I have been performing localized deep hyperthermia, a new and promising cancer treatment, with a device made by the company Oncotherm in my practice since October 2005.
The goal of localized deep hyperthermia is to overheat tumour cells using high-frequency waves, which causes hypoaemia (oxygen shortage), an acidic cell milieu and nutrient depletion of the tumour. This is thought to disrupt cell metabolism and cause cell death. The effects of simultaneously administered chemotherapy and/or radiation therapy are facilitated by localozed deep hyperthermia, and in some
cases formerly ineffective chemotherapy and/or radiation therapy can yield positive results. Tumour cells present with "heat shock proteins" on their cell surface after application of heat, thus becoming more distinguishable from healthy tissue as "heat shock proteins" are only displayed by tumour cells and can be identified by the immune system as such. Due to positive clinical experiences, the method is now employed my various hospitals and clinics in Germany and abroad. Localized deep hyperthermia has been recognized as the fourth pillar of oncological therapy alongside surgery, radiation therapy and chemotherapy by the Society for Biological Cancertherapy, Heidelberg.
Hyperthermia (with temperatures between 40-44 °C) is not used as a stand-alone treatment. Normally it is combined with either chemotherapy or radiation therapy, or both. Local or regional hyperthermia can be beneficial for large (advanced) tumours, for which neither surgery nor radiation therapy suffice as treatments. Especially locally relasping (regrowing) tumours fall into this category.
Distal metastases (which are distributed throughout the body) may also be treated with whole-body hyperthermia (alongside chemotherapy). Again, hyperthermia is only used if all other (conventinal) treatments have failed to produce adequate results. In the case of whole-body hyperthermia this is particularly applicable if several chemotherapy attempts have already failed and if the disease has re-occured.
In hyperthermia one differentiates between following procedures and applications:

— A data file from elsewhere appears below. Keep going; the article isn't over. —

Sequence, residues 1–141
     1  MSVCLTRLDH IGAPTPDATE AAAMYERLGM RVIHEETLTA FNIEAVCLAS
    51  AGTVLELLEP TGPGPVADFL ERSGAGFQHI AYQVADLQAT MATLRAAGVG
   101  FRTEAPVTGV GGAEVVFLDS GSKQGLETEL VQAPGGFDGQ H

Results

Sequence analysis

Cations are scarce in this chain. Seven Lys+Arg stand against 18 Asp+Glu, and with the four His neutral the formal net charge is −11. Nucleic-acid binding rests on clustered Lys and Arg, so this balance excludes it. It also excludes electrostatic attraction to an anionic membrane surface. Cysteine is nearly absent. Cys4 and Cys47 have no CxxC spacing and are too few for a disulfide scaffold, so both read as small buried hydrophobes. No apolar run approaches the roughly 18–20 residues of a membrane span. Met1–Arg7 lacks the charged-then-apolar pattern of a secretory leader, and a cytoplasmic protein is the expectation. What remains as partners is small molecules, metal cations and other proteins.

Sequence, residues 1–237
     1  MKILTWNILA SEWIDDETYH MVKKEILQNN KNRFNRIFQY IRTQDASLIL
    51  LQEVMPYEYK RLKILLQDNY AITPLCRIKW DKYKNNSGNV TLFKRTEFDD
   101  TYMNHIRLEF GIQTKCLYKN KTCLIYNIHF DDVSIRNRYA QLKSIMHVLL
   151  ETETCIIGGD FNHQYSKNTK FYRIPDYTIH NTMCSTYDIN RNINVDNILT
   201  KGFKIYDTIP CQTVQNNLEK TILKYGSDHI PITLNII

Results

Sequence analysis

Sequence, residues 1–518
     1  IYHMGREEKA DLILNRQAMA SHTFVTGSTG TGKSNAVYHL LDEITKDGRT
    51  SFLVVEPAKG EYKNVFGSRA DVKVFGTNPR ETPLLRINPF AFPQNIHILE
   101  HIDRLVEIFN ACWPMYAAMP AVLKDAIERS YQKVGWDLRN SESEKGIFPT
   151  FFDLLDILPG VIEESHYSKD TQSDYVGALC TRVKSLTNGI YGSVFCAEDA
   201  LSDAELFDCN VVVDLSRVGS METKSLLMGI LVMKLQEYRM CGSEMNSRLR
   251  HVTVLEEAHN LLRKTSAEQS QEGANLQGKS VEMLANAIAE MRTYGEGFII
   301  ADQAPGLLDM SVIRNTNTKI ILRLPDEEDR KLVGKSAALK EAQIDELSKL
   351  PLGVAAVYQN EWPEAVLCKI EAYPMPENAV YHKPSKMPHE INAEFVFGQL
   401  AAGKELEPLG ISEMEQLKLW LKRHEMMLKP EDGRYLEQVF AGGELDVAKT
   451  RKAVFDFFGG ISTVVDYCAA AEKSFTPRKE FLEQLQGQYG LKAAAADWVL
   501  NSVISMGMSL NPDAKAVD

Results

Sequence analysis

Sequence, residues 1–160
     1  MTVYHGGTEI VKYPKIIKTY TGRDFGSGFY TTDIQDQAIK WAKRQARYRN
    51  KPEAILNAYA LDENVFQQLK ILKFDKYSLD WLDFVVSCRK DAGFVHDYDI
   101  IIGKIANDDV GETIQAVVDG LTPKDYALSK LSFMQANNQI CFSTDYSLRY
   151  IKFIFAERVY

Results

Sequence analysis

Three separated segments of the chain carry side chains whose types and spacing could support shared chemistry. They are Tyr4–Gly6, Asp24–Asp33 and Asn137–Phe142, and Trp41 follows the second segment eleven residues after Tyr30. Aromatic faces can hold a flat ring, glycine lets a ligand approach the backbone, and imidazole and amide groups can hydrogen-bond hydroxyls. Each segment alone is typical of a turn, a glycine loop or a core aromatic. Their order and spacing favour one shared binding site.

Local hyperthermia is applied in the case of spatially restricted tumours on the body surface (i.e. skin cancer). Local heat applicators are put directly onto the superficial tumour.
Regional hyperthermia is applied in the case of vast, deeper located tumours of the abdomen or pelvic area, which are nontheless still spatially restricted. Energy is transmitted via ring applicators, surrounding the treatment area with radiofrequency waves connected to the body by a water bolus. Normally a temperature of 42-43 °C will be maintained in given body areas for an hour.
Partial body hyperthermia constitutes further development of the regional hyperthermia treatment, and is performed under the control of magnetic resonance tomography. Application and power are chosen so that the entire abdominal cavity will be heated.
Whole body hyperthermia is used in cancers which have already spread across large parts of the body, i.e. in the case of several metastates. Heating takes place through infra-red radiation onto the body's surface (known as radiative systems).
Thermoablation is employed in the case of a limited number of small tumour assemblies, maximally 3 -4 cm in size. Energy is transferred by laser or radiofrequency waves.
A solution containing superparamagnetic nanoparticles is infiltrated into the target tissue (> 5cm) which is then heated by applying a magnetic field to the defined region.
Here, antennas are put directly into the tumour or close to the tumour via bodily cavities. This enables very small-scale warming, which is usually combined with so-called afterloading therapy (interstitial radiation therapy).
Hyperthermia is typically used for difficult cases of disease, such as:
* Locally advanced tumours that are poorly or not operable at all.
* Tumours which would only be operable if taking inacceptable side effects into account
* Tumours which reoccured after repeated conventional treatments.
* Cancers which include specific additional risk factors.
Hyperthermia can be employed in the following cases:
* Pancreatic cancer
* Connective tissue tumours
* Bladder cancer
* Bronchial carcinoma
* Breat cancer
* Colorectal cancer
* Ovarian cancer
* Cervical cancer
* Skin cancer
* Brain tumours
* Testicular cancer
* Hodgkin's and non-Hodgkin's lymphoma
* Head and neck tumours
* Liver metastates
* Lung cancer
* Lymph node cancer
* Prostate cancer
* Esophageal cancer